A beautiful poem by Theodore Roethke
I Knew a Woman
I knew a woman, lovely in her bones,
When small birds sighed, she would sigh back at them;
Ah, when she moved, she moved more ways than one:
The shapes a bright container can contain!
Of her choice virtues only gods should speak,
Or English poets who grew up on Greek
(I’d have them sing in chorus, cheek to cheek).
How well her wishes went! She stroked my chin,
She taught me Turn, and Counter-turn, and Stand;
She taught me Touch, that undulant white skin;
I nibbled meekly from her proffered hand;
She was the sickle; I, poor I, the rake,
Coming behind her for her pretty sake
(But what prodigious mowing we did make).
Love likes a gander, and adores a goose:
Her full lips pursed, the errant note to seize;
She played it quick, she played it light and loose;
My eyes, they dazzled at her flowing knees;
Her several parts could keep a pure repose,
Or one hip quiver with a mobile nose
(She moved in circles, and those circles moved).
Let seed be grass, and grass turn into hay:
I’m martyr to a motion not my own;
What’s freedom for? To know eternity.
I swear she cast a shadow white as stone.
But who would count eternity in days?
These old bones live to learn her wanton ways:
(I measure time by how a body sways).
I recently discovered this e.e. Cummings poem while digging around on the internet one day. The more I read it, the more beautiful it becomes. Simple. And beautiful.
somewhere i have never travelled,gladly beyond
e. e. Cummings, 1894 – 1962
somewhere i have never travelled,gladly beyond
any experience,your eyes have their silence:
in your most frail gesture are things which enclose me,
or which i cannot touch because they are too near
your slightest look easily will unclose me
though i have closed myself as fingers,
you open always petal by petal myself as Spring opens
(touching skilfully,mysteriously)her first rose
or if your wish be to close me,i and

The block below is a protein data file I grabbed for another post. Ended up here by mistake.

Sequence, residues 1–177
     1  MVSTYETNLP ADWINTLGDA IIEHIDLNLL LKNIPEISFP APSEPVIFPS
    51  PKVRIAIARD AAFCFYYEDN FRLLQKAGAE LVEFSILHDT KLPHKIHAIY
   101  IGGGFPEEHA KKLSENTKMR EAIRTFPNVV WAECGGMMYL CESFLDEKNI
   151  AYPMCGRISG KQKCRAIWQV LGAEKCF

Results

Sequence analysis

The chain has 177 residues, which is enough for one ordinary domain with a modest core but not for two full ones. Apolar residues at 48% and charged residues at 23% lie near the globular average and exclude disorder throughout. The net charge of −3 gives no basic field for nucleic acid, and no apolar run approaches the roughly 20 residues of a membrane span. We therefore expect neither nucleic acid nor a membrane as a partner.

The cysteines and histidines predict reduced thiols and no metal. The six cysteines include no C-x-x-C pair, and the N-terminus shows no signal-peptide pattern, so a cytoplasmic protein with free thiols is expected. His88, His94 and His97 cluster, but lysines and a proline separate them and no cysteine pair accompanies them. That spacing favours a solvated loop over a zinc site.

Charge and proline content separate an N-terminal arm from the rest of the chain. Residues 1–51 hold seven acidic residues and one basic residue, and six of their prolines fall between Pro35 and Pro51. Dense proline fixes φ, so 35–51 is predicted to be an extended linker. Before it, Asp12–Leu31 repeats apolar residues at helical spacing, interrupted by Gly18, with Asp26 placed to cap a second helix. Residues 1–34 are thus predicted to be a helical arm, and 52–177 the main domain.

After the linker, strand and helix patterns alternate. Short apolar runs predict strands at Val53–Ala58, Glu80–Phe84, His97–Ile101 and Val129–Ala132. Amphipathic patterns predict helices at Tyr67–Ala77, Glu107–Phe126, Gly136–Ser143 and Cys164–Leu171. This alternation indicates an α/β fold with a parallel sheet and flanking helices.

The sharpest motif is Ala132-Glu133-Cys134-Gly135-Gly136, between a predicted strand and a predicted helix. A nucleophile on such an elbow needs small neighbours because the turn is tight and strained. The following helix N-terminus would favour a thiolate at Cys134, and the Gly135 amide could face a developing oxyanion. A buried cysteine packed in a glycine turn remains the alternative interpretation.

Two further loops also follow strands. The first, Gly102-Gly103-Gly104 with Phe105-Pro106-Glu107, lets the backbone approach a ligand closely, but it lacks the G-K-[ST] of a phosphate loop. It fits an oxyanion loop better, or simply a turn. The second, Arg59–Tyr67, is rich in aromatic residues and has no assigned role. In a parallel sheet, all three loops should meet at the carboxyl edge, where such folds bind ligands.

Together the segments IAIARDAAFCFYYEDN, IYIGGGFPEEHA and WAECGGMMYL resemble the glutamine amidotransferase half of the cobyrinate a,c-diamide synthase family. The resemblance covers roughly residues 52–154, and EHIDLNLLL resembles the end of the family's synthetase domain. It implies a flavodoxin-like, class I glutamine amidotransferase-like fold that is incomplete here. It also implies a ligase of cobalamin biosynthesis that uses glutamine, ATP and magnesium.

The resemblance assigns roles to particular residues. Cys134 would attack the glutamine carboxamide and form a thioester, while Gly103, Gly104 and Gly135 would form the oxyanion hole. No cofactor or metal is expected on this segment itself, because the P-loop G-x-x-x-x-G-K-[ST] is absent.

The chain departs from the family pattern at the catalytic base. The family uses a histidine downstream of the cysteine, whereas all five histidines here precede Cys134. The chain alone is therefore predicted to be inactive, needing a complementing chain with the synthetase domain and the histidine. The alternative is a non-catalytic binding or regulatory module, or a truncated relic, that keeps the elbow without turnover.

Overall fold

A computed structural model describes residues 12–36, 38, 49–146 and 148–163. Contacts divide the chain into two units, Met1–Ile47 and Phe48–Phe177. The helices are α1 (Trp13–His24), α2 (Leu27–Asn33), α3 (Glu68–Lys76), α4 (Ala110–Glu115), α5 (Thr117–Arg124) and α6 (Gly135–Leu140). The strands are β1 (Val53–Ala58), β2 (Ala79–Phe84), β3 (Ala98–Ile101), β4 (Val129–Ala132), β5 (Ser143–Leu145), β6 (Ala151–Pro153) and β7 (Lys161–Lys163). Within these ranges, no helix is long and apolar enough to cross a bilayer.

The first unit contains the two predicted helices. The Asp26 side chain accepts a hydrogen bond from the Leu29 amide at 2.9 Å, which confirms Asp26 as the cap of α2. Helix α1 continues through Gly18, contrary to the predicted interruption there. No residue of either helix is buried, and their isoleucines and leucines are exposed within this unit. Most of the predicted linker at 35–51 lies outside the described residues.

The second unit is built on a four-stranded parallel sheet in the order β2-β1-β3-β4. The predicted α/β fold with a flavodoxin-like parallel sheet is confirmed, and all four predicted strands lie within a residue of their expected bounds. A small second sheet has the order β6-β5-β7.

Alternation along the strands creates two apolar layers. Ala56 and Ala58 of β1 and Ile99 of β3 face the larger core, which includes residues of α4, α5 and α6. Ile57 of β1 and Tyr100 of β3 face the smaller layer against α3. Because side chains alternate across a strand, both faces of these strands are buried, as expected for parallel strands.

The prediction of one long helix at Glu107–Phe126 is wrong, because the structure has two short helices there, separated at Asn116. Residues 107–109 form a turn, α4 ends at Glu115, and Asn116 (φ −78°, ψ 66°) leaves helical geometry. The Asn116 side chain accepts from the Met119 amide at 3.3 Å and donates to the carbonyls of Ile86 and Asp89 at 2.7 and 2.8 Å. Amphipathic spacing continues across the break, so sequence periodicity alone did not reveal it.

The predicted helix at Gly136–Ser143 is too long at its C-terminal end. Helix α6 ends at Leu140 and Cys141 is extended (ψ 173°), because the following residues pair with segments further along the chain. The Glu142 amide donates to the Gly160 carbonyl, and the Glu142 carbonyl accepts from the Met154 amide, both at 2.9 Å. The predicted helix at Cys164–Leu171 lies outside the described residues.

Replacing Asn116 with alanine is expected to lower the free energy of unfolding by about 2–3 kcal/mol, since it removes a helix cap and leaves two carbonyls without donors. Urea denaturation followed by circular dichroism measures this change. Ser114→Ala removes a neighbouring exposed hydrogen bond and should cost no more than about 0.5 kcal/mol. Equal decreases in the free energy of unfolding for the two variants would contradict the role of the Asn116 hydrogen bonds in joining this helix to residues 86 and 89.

my life will shut very beautifully,suddenly,
as when the heart of this flower imagines
the snow carefully everywhere descending;
nothing which we are to perceive in this world equals
the power of your intense fragility:whose texture
compels me with the colour of its countries,
rendering death and forever with each breathing
(i do not know what it is about you that closes
and opens;only something in me understands
the voice of your eyes is deeper than all roses)
nobody,not even the rain,has such small hands
As I stood over the sink tonight, and drizzled honey onto a piece of cornbread, I imagined it was sorghum.
Or as some might say, “MO-las-ses.”
Or as my family says, “sar-gum.”
(There’s a difference, though. You can read about it here.)
I envisioned the rich, deep amber syrup so completely I almost convinced my taste buds that the honey was something else. And on the verge of that fantasized tangy sweet taste, a memory moved slowly in the back of my mind, and with it, more memories came; all of them sticking together; all of them about sorghum.
Winter morning. Kitchen. I’m sitting on my mother’s lap. She’s wearing a soft red robe that’s keeping me warm. On the plate in front of us–a biscuit split open. On another plate–butter and sorghum. She takes fork and begins to mix the butter with the sorghum, turning it into a translucent spread. She covers one half of the biscuit with her mixture, and we eat together. Only mama eats her sorghum like this.
Year’s later. I’m grown. I have a husband. A family dinner with my parents. Cornbread. Sorghum, and the surprising revelation that my Iowa husband has never tasted sorghum. We fix him up. But he’s expecting honey and is not prepared for the bitter sweet, smokey tang that surprises his taste buds.
Breakfasts. Desserts. Biscuits. Cornbread…
Now, if I only had some sorghum.
Watch how it’s made:
After being home with a sick little boy for a few days, I think we are in need of something refreshing. A poem by Li-Young Lee. Enjoy!
From blossoms comes
this brown paper bag of peaches
we brought from the boy
at the bend in the road where we turned toward
signs painted Peaches.
From laden boughs, from hands,
from sweet fellowship in the bins,
comes nectar at the roadside, succulent
peaches we devour, dusty skin and all,
comes the familiar dust of summer, dust we eat.
O, to take what we love inside,
to carry within us an orchard, to eat
not only the skin, but the shade,
not only the sugar, but the days, to hold
the fruit in our hands, adore it, then bite into
the round jubilance of peach.
There are days we live
as if death were nowhere
in the background; from joy
to joy, to joy, from wing to wing,
from blossom to blossom to
impossible blossom, to sweet impossible blossom.
from Rose by Li-Young Lee